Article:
December 11, 2002


PETE IN THE HALL? DON'T BET ON IT: There are new reports this week that Pete Rose has been negotiating with Commissioner Bud Selig about a potential reinstatement into baseball, one that may one day allow baseball's all-time hits leader to finally enter the Hall of Fame.
Rose, of course, agreed to a lifetime ban from baseball in 1989 after he was accused by an independent investigator of betting on his own team's games during his five seasons as manager of the Cincinnati Reds. Since then Rose (who did a stretch in prison for tax evasion in the early '90s) has steadfastly maintained his innocence, despite facing a mountain of evidence that makes the one against OJ look like an anthill.
It's long been conventional wisdom that Rose can't even think about being reinstated until he admits his guilt, though there are serious doubts that Rose will end up in the Hall. This is due to an implied "gentleman's agreement" among baseball higher-ups that Rose remain banished out of respect to the late commish Bart Giamatti, who died of a heart attack less than a week after negotiating Rose's suspension. That the recent meeting with Selig even took place indicates that Rose's denials of wrongdoing may have softened, although even if reinstatement is agreed to there's likely to be a grace period of a few years before Rose can enter the Hall.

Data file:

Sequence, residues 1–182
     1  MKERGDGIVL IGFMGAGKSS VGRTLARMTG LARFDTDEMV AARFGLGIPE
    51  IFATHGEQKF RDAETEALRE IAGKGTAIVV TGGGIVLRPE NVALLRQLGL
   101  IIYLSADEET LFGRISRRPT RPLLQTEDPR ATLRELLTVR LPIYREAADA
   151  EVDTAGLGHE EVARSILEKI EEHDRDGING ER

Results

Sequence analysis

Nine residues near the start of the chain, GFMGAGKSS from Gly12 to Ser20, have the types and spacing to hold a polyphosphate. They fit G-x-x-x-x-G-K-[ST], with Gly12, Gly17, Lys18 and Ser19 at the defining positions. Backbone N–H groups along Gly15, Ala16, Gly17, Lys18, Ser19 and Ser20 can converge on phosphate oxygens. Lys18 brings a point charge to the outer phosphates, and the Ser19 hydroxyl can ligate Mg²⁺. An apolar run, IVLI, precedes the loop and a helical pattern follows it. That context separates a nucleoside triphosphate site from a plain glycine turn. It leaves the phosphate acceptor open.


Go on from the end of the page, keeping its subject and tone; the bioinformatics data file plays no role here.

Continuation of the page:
In every poll a majority of fans vote overwhelmingly in favor of Pete's reinstatement, but I believe that's because most of today's fans misunderstand the charges. Rose wasn't suspended because of some moralistic stand by baseball against gambling- he was banned because he bet on his own team's games while he was managing them- and did so over the course of several years. Sure, it looks bad that the Hall of Fame is missing one of the great hitters of all time. But the crime that Rose committed can and should not be dismissed lightly: on numerous occasions he put the very integrity of the game into serious question.
That said, I would not oppose a compromise solution that, in the event of a confession, allowed Rose into the Hall while keeping him banned from working or otherwise making money from baseball. Although since Rose keeps appearing publicly each year in Cooperstown and on the field at just about every World Series, it hardly seems these days like he's banned at all.

Posted by Stephen Silver at December 11, 2002 05:25 AM
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